But driving quality is mixed depending on the version you're trying – SLT with its smaller 18-inch wheels, higher tire sidewalls and non-adjustable suspension are actually more evenly tuned than Denali despite the latest trim level Adaptive Ride Control suspension and shock absorbers. Remember, this is not the fancy Magnetic Ride Control system we've seen on GM's SUVs like GMC Yukon, Chevrolet Tahoe or Cadillac Escalade, but another electronically adjustable system. It seems counter-intuitive that the cheaper SLT will have a more luxurious trip than the big belly Denali, but the seat-of-the-pants-o-meter does not lie: I prefer to drive SLT to Denali in some cases broken pavement we met.

Two of the six possible fuels

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The difference in propulsion is also quite shocking because it does not seem to be much of a performance difference between V-8 engines when you have an empty truck. 5.3-liter V-8 in SLT was slim, smooth and never missing too shallow. It makes 355 horsepower and 383 pounds of torque, and it is paired with an eight-speed automatic transmission that drives all four wheels through an optional low-range four-wheel, four-wheel drive. This is also standard Denali drive, but you can choose something bigger if you want: 6.2-liter V-8 pump out 420 hp and 460 pound-foot torque. It is paired with a 10-speed automatic transmission and drives all four wheels back through an optional four-wheel drive system (although it should be noted that you can also choose 6.2-liter V-8 in SLT trim if you choose). Both of these engines have active fuel management and automatic shutdown to optimize gas mileage, and both systems seem quite discreet. However, automatic shutdown can be disabled, unlike other GM vehicles.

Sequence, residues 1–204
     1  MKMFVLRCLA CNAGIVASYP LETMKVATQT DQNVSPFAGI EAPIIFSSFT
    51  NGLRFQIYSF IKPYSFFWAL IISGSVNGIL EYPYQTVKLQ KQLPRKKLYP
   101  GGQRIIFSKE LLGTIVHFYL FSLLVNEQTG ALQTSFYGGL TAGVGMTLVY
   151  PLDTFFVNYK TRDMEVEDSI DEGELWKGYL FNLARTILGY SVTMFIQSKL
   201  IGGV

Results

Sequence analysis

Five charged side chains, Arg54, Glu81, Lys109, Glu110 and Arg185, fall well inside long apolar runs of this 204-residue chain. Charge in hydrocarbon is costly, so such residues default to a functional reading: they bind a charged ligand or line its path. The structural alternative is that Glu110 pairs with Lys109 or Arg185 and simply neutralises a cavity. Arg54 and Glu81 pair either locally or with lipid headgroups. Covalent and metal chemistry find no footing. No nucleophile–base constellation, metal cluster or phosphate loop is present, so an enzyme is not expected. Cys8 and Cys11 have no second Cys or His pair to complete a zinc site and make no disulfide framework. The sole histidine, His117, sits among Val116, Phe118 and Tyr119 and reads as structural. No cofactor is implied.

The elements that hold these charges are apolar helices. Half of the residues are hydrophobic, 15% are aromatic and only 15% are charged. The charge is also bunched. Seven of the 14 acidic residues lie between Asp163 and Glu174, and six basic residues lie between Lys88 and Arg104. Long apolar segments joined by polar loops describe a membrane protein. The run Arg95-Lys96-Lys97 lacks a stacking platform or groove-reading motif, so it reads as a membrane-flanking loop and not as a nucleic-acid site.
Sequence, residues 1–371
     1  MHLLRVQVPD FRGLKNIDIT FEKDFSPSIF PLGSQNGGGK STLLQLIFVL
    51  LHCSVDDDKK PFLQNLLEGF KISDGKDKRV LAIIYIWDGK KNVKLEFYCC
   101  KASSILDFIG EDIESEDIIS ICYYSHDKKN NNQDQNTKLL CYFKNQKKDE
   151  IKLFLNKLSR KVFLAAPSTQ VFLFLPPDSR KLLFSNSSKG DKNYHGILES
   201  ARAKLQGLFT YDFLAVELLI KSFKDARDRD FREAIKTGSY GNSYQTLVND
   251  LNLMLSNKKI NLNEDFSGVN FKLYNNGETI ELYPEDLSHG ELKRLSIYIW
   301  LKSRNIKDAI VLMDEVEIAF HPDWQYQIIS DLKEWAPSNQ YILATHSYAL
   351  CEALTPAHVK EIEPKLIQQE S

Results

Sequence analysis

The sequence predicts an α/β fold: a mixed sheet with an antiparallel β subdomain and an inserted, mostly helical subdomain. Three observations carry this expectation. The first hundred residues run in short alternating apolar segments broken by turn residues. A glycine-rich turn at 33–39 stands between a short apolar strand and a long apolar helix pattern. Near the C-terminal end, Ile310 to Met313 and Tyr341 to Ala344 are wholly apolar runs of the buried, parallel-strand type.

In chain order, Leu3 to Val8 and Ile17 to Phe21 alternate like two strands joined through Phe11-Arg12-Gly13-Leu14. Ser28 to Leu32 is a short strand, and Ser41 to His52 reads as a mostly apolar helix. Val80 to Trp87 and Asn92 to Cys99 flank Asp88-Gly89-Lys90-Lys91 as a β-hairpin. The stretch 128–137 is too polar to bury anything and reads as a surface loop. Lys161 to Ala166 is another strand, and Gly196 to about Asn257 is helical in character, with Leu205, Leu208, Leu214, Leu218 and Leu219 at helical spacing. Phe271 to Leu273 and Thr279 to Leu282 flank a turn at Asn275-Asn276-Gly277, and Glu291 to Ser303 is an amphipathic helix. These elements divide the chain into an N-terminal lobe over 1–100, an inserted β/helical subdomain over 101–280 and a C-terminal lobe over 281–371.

Throw a load into the truck's bed or connect a trailer and things slippery, natural. We loaded the 6.2 liter Denali bed with what I estimated to be about 500 pounds of equipment (lobster pots, a jackal, a cooler, different logs and boards) and Sierra did not have a blow. Even more impressive, a drag demonstration involving four road vehicles on a flatbed trailer of about 5,000 pounds, was equally uneven, with the big V-8 handling the well-built trailer without any problems or drama. 19659005] GMC says that the goal of creating the new truck was not to go for "best-in-class" tire ratings because research showed that customers rarely hit more than 5000 pounds with their trucks. Instead, the GMC Sierra 1500 optimized to be the easiest truck to set up for towing instead of hunting for an advertising number that does not have much real tools. We could not pull the less 5.3 liter engine, but we will in the coming months, so stay tuned for a more thorough drag variation in the not too distant future. But if towing or hauling is not something you do often, you'll hide more money from the 6.2-liter engine as an expense you just do not have to touch – 5.3-liter engine is perfectly acceptable on your own.